The Seventh Sense

The Doctor wants to marry her the Gallifreyan way as well as the human way. There are consequences.


It meant so much to him. It meant everything to him, maybe. Clara could see that in his face, in his clasped hands held over his heart. It wasn’t a conscious gesture; it was every bit of him pleading. They’d exchanged rings, the token of her species; would she do with him what his species did?

It wasn’t a question, really. Now that she knew it was possible, that he wanted it, she was going to say yes to him. He had, after all, said yes to her.

“How do we-- I mean, is there a ceremony?”

“Yes and no. It all takes place in our minds.” He gestured between the two of them, pointing at his chest where his hearts were and not at his head.

“Right here will do,” he said, pointing at their bed.



And there was such a note of longing in his voice that Clara could not have denied him for all the worlds of humanity.

“Okay. Now. Here.”

He sat them down on the bed, cross-legged, facing each other. He closed his eyes for some minutes. He looked at if he were meditating. Gathering himself for something. Clara waited for him to tell her what to do next. She was impatient, but she held onto it tight. This was meaningful to him, and she wasn’t going to mess it up for him.

The Doctor opened his eyes. Blue, so very blue, so intent upon her.

“May I take your hands?” he said.

Formal, so formal. Clara said, “You may,” and held her hands out to him. He clasped them in his.

“Will you join with me?”

“I will.” It seemed to have been the right answer. He closed his eyes and a great weariness settled over him. Clara had seen him like this before: when he was looking across time, when he was telling her what would become of them all.

And then she felt him inside her mind, reaching out to her, inviting her to join with him. Yes, she said again, and they were joined.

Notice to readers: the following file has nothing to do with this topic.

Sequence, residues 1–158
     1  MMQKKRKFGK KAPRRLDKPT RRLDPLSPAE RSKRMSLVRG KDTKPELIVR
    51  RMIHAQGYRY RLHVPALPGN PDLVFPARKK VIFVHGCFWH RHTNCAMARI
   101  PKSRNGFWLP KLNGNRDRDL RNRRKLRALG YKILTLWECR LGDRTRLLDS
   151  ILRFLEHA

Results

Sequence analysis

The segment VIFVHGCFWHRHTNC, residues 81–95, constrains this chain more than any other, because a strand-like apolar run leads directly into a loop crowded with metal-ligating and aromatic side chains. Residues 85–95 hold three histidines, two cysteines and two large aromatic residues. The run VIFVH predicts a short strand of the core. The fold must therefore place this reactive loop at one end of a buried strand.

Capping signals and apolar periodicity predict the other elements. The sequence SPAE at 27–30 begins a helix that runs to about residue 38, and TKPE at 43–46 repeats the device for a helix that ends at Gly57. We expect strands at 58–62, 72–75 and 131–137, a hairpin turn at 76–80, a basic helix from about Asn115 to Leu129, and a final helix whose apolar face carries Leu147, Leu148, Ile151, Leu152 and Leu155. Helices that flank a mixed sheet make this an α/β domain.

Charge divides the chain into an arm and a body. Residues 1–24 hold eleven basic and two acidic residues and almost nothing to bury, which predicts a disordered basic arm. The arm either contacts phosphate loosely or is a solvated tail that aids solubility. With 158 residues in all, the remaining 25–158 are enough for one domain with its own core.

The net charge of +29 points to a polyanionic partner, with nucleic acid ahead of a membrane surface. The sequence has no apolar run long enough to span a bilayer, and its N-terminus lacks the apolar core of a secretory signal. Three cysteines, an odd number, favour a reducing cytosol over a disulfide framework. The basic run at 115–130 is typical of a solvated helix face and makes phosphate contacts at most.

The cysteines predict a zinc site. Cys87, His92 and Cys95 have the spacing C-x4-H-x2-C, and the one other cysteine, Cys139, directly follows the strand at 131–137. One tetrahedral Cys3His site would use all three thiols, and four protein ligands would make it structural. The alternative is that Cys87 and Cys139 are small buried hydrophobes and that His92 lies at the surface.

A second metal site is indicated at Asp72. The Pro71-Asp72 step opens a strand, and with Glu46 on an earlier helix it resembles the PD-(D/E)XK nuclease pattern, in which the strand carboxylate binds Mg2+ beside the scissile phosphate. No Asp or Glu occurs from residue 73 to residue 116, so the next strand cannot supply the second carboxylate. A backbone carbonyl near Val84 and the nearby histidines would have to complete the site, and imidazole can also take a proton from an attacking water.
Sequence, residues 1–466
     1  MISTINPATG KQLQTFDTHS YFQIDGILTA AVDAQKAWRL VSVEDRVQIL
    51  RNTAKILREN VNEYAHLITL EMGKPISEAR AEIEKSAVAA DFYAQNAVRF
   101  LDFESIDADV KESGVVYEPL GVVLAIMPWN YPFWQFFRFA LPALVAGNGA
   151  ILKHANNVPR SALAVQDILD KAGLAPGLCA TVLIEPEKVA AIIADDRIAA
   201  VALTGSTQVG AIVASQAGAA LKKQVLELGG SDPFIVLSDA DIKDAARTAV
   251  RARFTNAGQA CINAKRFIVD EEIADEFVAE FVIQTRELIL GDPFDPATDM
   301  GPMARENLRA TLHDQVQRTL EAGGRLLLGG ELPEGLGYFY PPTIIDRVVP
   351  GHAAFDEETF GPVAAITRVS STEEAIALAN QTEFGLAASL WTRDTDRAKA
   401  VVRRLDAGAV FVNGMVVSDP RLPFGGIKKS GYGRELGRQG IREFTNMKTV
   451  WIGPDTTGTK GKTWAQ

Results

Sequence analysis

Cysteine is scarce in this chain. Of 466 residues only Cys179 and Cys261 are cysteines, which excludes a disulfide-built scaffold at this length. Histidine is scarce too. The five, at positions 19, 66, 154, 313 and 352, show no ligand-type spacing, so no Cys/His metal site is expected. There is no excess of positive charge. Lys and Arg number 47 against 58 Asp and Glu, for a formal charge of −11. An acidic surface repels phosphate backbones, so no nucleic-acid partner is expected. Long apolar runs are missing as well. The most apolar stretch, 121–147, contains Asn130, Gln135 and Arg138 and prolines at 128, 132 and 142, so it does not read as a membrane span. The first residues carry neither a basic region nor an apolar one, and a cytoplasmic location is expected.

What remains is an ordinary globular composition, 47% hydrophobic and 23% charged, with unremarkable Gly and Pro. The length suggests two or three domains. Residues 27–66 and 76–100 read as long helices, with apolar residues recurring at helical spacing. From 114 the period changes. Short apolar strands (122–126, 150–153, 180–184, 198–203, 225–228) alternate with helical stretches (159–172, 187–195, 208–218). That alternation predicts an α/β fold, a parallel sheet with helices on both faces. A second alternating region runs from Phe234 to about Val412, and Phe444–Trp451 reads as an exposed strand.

It was sexual and it wasn’t. It was emotional and it was rational. It was their minds joined and the Doctor weaving a golden cable that stretched between them. He was laboring over it, she saw. Sweat dripped from the end of his nose and wet the metal strands as he braided. A hot sun beat down on them mercilessly but he was resolute.

“Can I help?” she said.

“Just be with me.”

Clara stood beside him, stroking his hair, while he did whatever it was he was doing. Molten gold, fine wires, something running them and sparking. Energy, flowing from him into what he was building. From his hearts into this braid.

He was on hands and knees, breathing. Clara knelt beside him and wiped sweat from his forehead. He straightened up, with her help, and held what he had made up between them.

“Will you become one with me?” he said, in a language that wasn’t hers.

“Yes,” she said, in English.

He touched the wires to her chest over her heart. Metaphor became reality. Now it was sexual and it was emotional and it was nothing she had words for. It was something she had to invent an entire language for. They were wrapped around each other and they were sitting on the bed holding hands and they were showing each other their lives and they were laughing.

She had something she hadn’t before he’d touched her. She was more than she had been. And he had done it all, had touched her and changed her by pouring something into her. Metaphor was slippery but Clara knew it with certainty, just as she knew with certainty that the new sense she had was an awareness of him. Not of anyone else. Of him, the Gallifreyan with his hands wrapped around hers. The man whose name she now knew, because she was joined with him in his culture’s commitment ceremony.